There are two kinds of elements that can be used for representing objectives. You can use:
- an element minimize
- or an element maximize
These elements must be put inside objectives. The role of the attribute combination is explained later.
<objectives [ combination="combinationType" ]> (<minimize.../> | <maximize.../>)+ </objectives>
Each element minimize and maximize has an optional attribute id and an optional attribute type, whose value can currently be:
For XCSP3core, we only consider mono-objective optimization.
Objectives in Functional Forms
The default value for type is expression, meaning that the content of the element minimize or maximize is necessarily a numerical functional expression (of course, possibly just a variable) built from operators described in the Table introduced for constraint intension.
An objective in functional form is thus defined by an element minimize or maximize. We only give the syntax of minimize (as the syntax for maximize is quite similar) for COP instances. Here, an integer functional expression is referred to as intExpr in the syntax box below; its precise syntax is given in the Syntax page.
<minimize [ id="identifier" ] [ type="expression" ]> intExpr </minimize>
An example is given below for an objective that consists in minimizing the value of the variable z, and an objective that consists in maximizing the value of the expression x+2y.
<minimize> z </minimize> <maximize> add(x,mul(y,2)) </maximize>
This way of representing objectives is generic, but when possible, it is better to use specialized forms in order to simplify the XCSP3 code and also to inform directly solvers of the nature of the objective(s).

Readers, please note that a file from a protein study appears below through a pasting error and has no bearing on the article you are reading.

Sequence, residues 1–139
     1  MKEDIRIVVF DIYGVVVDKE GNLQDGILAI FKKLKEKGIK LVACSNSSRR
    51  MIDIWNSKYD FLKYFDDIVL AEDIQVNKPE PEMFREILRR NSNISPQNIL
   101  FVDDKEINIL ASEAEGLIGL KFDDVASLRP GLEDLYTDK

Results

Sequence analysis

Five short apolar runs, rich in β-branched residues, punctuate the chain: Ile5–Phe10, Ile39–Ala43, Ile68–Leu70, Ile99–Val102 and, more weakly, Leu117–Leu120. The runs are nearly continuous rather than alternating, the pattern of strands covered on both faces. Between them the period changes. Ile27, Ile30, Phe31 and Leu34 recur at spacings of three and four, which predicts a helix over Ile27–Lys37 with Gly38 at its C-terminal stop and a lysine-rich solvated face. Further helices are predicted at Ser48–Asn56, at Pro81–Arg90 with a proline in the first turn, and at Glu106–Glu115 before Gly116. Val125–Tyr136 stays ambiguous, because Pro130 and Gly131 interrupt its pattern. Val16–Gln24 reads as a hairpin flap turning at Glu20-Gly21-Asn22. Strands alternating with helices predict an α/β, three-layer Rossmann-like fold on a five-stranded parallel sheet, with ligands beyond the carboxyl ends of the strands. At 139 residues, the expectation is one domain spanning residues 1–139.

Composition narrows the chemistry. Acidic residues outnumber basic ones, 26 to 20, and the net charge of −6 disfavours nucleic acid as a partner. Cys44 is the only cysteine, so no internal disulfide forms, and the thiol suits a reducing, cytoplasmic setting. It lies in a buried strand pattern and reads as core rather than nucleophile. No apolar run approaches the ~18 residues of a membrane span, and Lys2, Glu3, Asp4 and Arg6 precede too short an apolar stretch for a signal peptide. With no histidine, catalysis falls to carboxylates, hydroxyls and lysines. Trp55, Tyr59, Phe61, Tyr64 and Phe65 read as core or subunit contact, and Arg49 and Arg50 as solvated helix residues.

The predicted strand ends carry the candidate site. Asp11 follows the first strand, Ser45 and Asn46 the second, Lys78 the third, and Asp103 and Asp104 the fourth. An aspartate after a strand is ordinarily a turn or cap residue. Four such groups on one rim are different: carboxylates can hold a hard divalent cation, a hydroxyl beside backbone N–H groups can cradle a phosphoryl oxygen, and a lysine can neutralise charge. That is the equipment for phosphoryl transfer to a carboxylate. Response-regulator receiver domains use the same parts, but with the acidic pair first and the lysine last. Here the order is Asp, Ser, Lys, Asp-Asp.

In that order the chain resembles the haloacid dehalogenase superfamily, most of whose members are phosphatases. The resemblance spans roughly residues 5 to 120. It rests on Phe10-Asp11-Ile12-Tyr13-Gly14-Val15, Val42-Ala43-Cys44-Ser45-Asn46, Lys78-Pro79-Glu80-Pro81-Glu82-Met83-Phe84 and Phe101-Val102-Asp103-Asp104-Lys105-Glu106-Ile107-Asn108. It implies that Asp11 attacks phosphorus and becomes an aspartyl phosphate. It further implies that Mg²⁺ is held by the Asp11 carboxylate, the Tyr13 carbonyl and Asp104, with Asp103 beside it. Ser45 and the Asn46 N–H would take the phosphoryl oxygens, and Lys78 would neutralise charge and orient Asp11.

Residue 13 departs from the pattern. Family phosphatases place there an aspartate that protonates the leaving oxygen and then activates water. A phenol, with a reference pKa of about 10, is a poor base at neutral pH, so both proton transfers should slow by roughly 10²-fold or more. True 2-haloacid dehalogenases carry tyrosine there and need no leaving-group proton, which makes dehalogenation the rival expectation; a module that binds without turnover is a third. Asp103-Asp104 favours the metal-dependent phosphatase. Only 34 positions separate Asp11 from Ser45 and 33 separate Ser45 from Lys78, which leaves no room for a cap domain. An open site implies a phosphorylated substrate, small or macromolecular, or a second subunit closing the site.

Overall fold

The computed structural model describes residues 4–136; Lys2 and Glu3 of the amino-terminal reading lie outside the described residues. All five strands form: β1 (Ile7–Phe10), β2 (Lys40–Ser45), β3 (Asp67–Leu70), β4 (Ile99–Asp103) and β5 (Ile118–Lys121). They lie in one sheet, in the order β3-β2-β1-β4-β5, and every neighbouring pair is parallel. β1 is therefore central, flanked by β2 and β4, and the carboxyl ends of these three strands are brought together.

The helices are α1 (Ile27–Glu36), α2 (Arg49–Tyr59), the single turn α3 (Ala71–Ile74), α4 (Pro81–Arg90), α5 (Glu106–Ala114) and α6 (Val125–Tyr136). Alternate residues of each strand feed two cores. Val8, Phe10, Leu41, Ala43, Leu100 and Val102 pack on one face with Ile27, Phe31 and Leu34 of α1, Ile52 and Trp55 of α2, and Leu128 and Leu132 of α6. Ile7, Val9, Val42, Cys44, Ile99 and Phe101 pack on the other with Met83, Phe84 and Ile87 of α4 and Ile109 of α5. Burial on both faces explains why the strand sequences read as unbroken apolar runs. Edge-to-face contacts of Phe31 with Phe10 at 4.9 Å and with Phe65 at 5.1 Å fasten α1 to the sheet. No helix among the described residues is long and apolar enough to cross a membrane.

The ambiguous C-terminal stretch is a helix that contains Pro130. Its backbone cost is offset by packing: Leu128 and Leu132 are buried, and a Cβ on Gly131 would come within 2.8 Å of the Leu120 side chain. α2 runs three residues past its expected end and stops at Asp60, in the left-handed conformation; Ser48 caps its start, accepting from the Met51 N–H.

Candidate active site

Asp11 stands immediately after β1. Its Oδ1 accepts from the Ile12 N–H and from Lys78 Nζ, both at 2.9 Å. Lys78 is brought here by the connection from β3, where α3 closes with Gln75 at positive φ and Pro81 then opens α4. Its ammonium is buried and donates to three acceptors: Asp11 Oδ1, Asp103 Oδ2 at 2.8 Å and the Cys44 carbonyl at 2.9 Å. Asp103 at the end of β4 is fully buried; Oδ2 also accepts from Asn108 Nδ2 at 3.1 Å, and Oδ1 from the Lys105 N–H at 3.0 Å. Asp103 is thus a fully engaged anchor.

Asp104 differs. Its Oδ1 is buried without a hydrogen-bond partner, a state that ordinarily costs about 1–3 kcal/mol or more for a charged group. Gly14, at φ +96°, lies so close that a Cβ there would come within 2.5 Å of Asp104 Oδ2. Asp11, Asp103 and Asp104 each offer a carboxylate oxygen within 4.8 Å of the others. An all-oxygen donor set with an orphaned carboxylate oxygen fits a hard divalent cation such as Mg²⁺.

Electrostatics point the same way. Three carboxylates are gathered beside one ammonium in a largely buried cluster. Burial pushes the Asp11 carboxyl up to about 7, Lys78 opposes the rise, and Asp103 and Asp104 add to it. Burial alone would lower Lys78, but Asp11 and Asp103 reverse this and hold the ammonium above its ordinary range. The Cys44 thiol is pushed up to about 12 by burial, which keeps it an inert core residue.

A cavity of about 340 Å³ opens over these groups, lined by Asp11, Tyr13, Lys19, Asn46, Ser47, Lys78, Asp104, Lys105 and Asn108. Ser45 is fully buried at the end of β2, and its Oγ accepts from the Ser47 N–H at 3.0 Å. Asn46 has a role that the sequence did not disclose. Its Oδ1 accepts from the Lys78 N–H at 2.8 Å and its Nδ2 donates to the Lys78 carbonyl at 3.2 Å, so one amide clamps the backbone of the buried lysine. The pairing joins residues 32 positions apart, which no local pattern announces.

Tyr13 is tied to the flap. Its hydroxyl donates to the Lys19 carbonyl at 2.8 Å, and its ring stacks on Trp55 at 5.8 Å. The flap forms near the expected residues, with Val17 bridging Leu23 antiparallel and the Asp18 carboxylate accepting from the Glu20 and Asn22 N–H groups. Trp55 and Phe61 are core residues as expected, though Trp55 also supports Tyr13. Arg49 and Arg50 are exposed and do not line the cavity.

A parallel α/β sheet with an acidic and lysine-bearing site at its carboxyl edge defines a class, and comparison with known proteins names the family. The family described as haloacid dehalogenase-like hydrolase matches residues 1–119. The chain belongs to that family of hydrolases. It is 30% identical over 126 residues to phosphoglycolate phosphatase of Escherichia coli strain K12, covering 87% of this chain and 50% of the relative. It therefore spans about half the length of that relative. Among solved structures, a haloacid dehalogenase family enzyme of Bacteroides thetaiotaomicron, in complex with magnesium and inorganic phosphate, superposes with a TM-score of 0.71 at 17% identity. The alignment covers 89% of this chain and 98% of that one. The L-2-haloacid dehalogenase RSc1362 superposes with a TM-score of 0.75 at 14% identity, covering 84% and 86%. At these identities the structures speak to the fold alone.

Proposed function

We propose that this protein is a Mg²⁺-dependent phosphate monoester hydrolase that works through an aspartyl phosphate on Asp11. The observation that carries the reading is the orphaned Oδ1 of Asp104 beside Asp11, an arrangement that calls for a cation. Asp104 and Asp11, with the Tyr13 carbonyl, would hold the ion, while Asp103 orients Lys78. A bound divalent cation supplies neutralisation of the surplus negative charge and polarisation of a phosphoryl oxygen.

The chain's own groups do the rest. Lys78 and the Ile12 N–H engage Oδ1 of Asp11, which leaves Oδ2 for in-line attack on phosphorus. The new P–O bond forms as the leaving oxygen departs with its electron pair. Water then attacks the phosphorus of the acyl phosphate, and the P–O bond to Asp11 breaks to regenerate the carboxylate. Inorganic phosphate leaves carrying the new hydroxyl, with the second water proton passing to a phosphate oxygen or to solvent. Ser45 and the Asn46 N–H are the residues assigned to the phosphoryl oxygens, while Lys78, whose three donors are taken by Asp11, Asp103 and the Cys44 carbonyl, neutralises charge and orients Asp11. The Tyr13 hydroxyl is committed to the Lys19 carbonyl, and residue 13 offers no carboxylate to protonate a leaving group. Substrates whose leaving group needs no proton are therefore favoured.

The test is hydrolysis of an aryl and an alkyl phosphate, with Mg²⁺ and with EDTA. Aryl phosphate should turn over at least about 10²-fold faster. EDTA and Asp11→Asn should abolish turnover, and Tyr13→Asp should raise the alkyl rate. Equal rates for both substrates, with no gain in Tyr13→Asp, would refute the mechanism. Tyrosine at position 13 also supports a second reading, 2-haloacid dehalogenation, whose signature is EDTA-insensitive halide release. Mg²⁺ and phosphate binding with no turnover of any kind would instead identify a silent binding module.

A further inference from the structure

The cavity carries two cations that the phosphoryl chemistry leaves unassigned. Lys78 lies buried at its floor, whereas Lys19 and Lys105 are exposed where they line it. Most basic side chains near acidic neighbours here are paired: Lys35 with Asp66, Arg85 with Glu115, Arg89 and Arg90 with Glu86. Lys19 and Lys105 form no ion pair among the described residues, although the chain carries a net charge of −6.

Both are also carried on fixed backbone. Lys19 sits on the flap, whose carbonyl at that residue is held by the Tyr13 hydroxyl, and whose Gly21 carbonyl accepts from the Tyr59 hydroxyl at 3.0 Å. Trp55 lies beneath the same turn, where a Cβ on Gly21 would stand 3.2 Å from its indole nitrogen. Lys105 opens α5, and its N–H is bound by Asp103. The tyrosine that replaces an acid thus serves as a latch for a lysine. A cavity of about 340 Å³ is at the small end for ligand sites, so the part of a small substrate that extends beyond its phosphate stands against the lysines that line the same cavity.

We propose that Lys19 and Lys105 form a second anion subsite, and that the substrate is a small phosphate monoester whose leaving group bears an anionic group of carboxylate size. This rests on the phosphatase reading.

Objectives in Specialized Forms
Whatever is the type among sum, product, minimum, maximum, nValues and lex, two forms are possible. We show this for the element minimize, but of course, this is quite similar for the element maximize. Here, we give the syntax for COP instances:
<minimize [ id="identifier" ] type="sum|product|minimum|maximum|nValues|lex"> <list> (intVar wspace)2+ </list> [<coeffs> (intVal wspace)2+ </coeffs>] </minimize>
There is one possible coefficient per variable. When the element coeffs is absent, coefficients are all assumed to be equal to 1, and the opening/closing tags for list become optional, which gives:
<minimize [ id="identifier" ] type="sum|product|minimum|maximum|nValues|lex"> (intVar wspace)2+ <!-- Simplified Form --> </minimize>
For the semantics, we consider that
|minimize(X,C,sum)|| minimize |
|minimize(X,C,product)|| minimize |
|minimize(X,C,minimum)|| minimize |
|minimize(X,C,maximum)|| minimize |
|minimize(X,C,nValues)|| minimize |
The following example shows an objective that consists in minimizing
<minimize type="sum"> <list> x1 x2 x3 x4 x5 </list> <coeffs> 2 4 1 4 8 </coeffs> </minimize> <minimize type="maximum"> <list> y1 y2 y3 y4 </list> </minimize>
Because the opening and closing tags of list are optional here (as there is no element coeffs, the second objective above can be simply written:
<minimize type="maximum"> y1 y2 y3 y4 </minimize>
There is no real interest in introducing coefficients for product.